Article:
Ring-necked Duck: Medium-sized diving duck. Black upperparts, weakly tufted, purple-black head. Neck, upper breast, tail are black, lower breast and belly are white, sides are pale gray. Cinnamon collar is hard to see in the field. Dark wings have black-tipped gray flight feathers visible in flight. Blue-gray bill, white ring, black tip.
Range and Habitat
Ring-necked Duck: Breeds from Alaska, Manitoba, and Newfoundland south to California, Arizona, the Great Lakes, and Maine. Spends winters from Washington south along the Pacific coast, east through the southwest and the Gulf Coast states and north to New England. Found on wooded lakes, ponds, and rivers; seldom seen on saltwater except in the southern states.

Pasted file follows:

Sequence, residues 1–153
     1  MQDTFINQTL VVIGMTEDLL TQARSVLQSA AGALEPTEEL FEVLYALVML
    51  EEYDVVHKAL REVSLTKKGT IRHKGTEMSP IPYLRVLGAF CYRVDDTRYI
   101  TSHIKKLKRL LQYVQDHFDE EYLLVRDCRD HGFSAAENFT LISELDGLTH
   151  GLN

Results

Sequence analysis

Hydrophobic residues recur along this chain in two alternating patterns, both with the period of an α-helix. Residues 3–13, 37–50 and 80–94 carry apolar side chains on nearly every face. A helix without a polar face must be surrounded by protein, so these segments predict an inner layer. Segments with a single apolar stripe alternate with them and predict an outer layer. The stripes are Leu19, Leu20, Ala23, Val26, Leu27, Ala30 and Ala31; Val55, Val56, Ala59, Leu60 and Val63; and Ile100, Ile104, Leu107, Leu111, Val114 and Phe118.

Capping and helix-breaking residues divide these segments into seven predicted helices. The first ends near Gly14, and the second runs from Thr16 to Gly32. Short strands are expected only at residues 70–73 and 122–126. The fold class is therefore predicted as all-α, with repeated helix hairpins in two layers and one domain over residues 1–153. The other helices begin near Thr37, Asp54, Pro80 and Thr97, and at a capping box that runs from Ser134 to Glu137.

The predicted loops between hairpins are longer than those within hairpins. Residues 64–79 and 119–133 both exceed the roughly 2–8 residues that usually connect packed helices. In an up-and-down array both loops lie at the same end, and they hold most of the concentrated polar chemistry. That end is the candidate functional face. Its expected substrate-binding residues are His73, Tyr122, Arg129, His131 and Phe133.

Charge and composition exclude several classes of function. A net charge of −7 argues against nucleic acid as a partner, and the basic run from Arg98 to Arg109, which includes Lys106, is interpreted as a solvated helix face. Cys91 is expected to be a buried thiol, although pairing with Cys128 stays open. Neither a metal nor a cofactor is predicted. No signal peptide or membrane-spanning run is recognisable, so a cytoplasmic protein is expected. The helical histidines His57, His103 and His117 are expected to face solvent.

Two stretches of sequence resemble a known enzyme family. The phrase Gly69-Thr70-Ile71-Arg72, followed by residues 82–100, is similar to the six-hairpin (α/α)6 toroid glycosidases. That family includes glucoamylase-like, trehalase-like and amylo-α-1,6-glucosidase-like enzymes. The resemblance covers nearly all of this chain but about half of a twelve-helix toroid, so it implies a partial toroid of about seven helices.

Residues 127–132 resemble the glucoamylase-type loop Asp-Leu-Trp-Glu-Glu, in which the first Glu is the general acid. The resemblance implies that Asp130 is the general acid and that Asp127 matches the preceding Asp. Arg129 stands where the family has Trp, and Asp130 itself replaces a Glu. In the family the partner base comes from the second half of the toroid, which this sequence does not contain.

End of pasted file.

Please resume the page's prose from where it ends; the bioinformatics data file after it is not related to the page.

The Ring-necked Duck was first described in 1809 by Edward Donovan, an Anglo Irish writer and amateur zoologist.
Because it never gathers in large flocks it has not been hunted extensively like some of its relatives. A fast flier, it undertakes longer migrations than most other diving ducks.
This species might better be called the "Ring-billed Duck," for its chestnut neck ring is usually seen only at close range, while the white ring on the bill can be a prominent field mark.
A group of ducks has many collective nouns, including a "brace", "flush", "paddling", "raft", and "team" of ducks.